In writing a piece like this, Purkey presumably has taken the time to visit a PGA Tour Champions event (or more) to validate his perspective of this tour. I’m sorry that his heroes of the past aren’t playing the PGA Tour Champions anymore. Maybe he can realize the level of golf played by these former major champions and lesser-known names that Q-School provides (such as Scott Parel, Ken Tanigawa and Gibby Gilbert III). I urge Purkey to look outside of his own entertainment needs and comprehend the true impact that the PGA Tour Champions is making – in the lives of the people in the communities visited by the tour. Instead of writing about undocumented and non-cited financial struggles, he should take another angle and focus on the positives that the PGA Tour Champions provides to the golfing world.
Thank you for restoring my passion for this tour in the middle of December.
(Krueger is the director of golf at Wakonda Club in Des Moines, Iowa, and president of the Iowa PGA Section.)
Even seniors don’t care enough to watch
Mike Purkey is right (“It’s a Champions Tour in name only,” Dec. 5). I'm a senior and have played at every competitive level, short of the PGA Tour. I play with dozens of seniors all over the country. Nobody watches the senior tour.
Listening to Lanny Wadkins is painful, and Dave Marr puts you to sleep, which doesn't help the tour.
It's just not interesting or compelling. Did you notice the lack of attendance at the QQQ?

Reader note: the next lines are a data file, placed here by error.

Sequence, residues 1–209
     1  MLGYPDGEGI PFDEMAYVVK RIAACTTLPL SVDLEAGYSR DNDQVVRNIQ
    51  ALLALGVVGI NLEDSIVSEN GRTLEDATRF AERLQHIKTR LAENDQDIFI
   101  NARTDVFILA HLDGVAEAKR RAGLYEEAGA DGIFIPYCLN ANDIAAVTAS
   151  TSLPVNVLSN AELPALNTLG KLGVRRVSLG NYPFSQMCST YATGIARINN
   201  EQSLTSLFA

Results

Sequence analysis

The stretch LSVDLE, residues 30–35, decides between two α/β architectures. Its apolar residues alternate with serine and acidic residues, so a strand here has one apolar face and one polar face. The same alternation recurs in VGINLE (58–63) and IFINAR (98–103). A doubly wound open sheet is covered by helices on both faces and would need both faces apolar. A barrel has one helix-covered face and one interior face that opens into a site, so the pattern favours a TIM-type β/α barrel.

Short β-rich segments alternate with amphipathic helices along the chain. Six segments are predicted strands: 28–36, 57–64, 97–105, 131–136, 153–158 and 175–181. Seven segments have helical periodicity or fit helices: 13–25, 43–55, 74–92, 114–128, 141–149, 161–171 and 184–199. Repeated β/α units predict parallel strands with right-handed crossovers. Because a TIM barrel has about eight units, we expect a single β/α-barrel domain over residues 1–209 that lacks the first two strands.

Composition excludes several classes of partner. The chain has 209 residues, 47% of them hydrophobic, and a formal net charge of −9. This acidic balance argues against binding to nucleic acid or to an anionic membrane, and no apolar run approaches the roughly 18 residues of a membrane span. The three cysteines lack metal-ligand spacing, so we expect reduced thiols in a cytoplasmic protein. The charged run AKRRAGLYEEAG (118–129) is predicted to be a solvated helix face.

Its day has passed.
Palm Beach Gardens, Fla.
‘A boring exercise that is barely watchable’
The Champions Tour is something that the PGA Tour supports for its own ego (“It’s a Champions Tour in name only,” Dec. 5). It has been a poor watch for years, played on very friendly courses that lead to a short-iron-and-putting contest.
It is a boring exercise that is barely watchable.
The U.S. Senior Open and British Senior Open are entertaining, but the rest of the tour never makes it onto my TV.
Plus, listening to Lanny Wadkins is painful.
Great Neck, N.Y.
Finau would make a good member-guest partner
Regarding Charlie Jurgonis’ take on Tony Finau (“From the Morning Read inbox,” Dec. 5): Should a guy who wins once and misses the next 22 cuts be ahead of the guy who is knocking on the door every week? Which guy do you want as a partner in the member-guest?
Consistency always should be rewarded over once-upon-a-time.
The Villages, Fla.
Limited-field events don’t deserve world-ranking points
Last week at the Hero World Challenge, Justin Rose could have displaced Brooks Koepka as the No. 1-ranked player in the world. Why? Apparently, Koepka was not "invited" to this 18-man event, which is really an exhibition of a select few.
The Hero event and others like it should not award world-ranking points. All it does is separate the chosen few from the rest.
Any event (excluding the PGA Tour playoffs) with fewer than 72 players should exclude ranking points.